As Donald Trump rampaged through the Super Tuesday states, adding Massachusetts and Georgia and Virginia to his map, the Republican Party’s mainstream decided to trade panic for hope.
“Trump is not sweeping the Super Tuesday states as expected,” said Katie Packer, the Republican strategist whose Our Principles PAC was loading new attack spots for the mid-March contests.
“This is exactly how Democrats governed for 50 years,” said GOP activist Grover Norquist, stepping out of the annual dinner of the American Spectator magazine. “They owned the states. They occasionally won the presidency.”
If this did not sound like the reactions of people watching a hostile takeover of their political home, it was because their eyes were adjusting to a new reality. In the hours before the polls closed, some elected Republicans said they would refuse to support a Trump candidacy. More said he was dreadful, but they would support the ticket. And some thinkers, more aligned with the conservative movement than any party, were making contingency plans in case they needed to split.
The first group included Rep. Scott Rigell (R-Va.), a retiring moderate whose district was decisively won by Trump. Hours before the polls closed, he released an open letter on a Virginia conservative blog promising not to vote for Trump but not endorsing any other candidate.
“My love for our country eclipses my loyalty to our party,” said Rigell, “and to live with a clear conscience I will not support a nominee so lacking in the judgment, temperament and character needed to be our nation’s commander-in-chief.”
Rigell had company, with Rep. Mark Sanford (R-S.C.) and Sen. Ben Sasse (R-Neb.) saying that they could not support Trump either — Sasse even saying he would favor the creation of a new party if Trump won the nomination. But more Republicans were choosing to wait it out, following House Speaker Paul D. Ryan in condemning Trump’s behavior.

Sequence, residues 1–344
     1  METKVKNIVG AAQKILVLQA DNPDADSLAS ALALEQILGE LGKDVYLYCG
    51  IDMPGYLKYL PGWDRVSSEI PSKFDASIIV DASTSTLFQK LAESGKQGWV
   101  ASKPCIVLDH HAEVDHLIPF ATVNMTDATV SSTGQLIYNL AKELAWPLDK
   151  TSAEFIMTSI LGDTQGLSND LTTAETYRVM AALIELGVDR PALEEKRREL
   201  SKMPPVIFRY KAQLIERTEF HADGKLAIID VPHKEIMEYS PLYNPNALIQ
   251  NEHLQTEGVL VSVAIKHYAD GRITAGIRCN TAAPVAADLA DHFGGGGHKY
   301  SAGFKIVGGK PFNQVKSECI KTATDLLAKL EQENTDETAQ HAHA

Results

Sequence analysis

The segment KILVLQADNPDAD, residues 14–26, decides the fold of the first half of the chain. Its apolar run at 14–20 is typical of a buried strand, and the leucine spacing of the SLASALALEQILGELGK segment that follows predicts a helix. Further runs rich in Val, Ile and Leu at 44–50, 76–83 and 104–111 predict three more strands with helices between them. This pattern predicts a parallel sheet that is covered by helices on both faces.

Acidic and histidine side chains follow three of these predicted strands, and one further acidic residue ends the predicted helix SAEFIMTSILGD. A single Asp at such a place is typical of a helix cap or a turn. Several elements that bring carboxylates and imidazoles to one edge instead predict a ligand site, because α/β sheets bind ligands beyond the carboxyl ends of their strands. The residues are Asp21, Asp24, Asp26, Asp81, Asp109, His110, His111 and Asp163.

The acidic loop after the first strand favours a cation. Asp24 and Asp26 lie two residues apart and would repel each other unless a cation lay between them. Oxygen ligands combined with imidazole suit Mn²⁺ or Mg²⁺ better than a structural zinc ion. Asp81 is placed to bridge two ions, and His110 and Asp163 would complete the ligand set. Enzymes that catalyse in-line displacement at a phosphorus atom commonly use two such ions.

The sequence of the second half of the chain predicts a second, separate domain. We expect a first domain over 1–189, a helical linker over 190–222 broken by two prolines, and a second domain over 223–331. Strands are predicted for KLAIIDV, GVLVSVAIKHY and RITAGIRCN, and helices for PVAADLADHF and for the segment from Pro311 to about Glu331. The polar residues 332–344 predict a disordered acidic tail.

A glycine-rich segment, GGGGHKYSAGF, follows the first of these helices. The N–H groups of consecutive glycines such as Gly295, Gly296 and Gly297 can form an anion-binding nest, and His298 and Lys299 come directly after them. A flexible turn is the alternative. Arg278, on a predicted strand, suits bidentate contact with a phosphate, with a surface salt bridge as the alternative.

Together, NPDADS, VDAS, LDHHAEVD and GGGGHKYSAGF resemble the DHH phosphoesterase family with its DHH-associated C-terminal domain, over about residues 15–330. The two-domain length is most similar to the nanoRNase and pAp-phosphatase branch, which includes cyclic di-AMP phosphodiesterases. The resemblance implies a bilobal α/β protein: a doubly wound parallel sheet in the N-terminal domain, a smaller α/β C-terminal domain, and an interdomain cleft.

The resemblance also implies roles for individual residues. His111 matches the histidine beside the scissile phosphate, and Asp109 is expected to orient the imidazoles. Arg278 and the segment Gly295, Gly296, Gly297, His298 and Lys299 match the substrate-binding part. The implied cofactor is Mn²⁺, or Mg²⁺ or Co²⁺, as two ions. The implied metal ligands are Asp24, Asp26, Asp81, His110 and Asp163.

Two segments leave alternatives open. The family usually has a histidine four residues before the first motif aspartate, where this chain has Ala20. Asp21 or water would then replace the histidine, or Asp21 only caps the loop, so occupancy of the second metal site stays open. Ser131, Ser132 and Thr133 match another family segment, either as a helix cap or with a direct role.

That attitude was not matched by the conservative base. Randy Barnett, the libertarian lawyer whose thinking informed the near-miss lawsuit against the Affordable Care Act, wrote in USA Today that Trump was creating the conditions for a new “Constitution Party,” an ideologically pure breakaway.
“If the Democrats succeed in collapsing a Trump campaign — as I believe they can and will — then GOP voters can seamlessly shift to the new party,” he wrote, suggesting that this party also nominate a candidate for president. “If this happens, such a party can either actually win outright or throw the election into the House, which is allowed to pick from the top candidates, in this case, three.”
Erick Erickson, the conservative media mogul who disinvited Trump from his summer conference, agreed with Barnett.
“Controlling so many state legislatures and Governors mansions could be advantageous in access for a Republican third party bid,” he wrote on his website, the Resurgent. “Many of those incumbents understand that their survival depends on an alternative to Donald Trump.”
The disagreement between these conservatives is not so much about whether Trump is acceptable. It’s whether — given how many Republicans still oppose him — he is containable. It’s whether he can be contained by being defeated, or whether he can be contained by being influenced as the party nominee who has brought an army of new, disgruntled voters to the polls.
Trump did not win everywhere on Tuesday, but he won in most places. Sen. Ted Cruz of Texas enjoyed a bit of a resurgence, winning his home state, neighboring Oklahoma and Alaska. The establishment candidates, Sen. Marco Rubio of Florida and Ohio Gov. John Kasich, were left hoping to eke out wins in Minnesota and Vermont, respectively.
As the race moves next week to the Midwest, no campaign or faction was in despair. Ronna Romney McDaniel, the chairman of the Michigan Republican Party — and niece of 2012 Republican nominee Mitt Romney — said that the new Trump voters were welcome in the party and that a Trump nomination could appeal to older voters.
“I ask this at every listening tour: How many of you are going to back our nominee?” she said. “Every hand goes up. Everybody is going to.”
David Bossie, the president of the conservative advocacy group Citizens United, reacted to early results by saying it was time for Rubio to end his campaign and let Cruz take Trump on. But if Rubio and Cruz both lost, a Trump-led party could endure.
“Eight years ago, I worked against [John] McCain for the nomination and I sucked it up,” said Bossie. “Four years ago, I was against Romney. He won and I sucked it up. That’s what the establishment asks of conservatives every four years, to move on.”
And Judd Gregg, the former governor and senator from New Hampshire, was happy to see the race continue. He had initially endorsed Jeb Bush for president. On Monday, he switched his support to Kasich. “If Trump goes to the convention without a majority of delegates, there’s a pathway for Kasich,” said Gregg, waving off any suggestion that the party was in crisis and needed to consolidate.
And if Trump won? Gregg would support him.
“What’s the option, Hillary Clinton?” asked Gregg. “I’d rather have somebody a little light on substance than somebody who put our national security at risk.”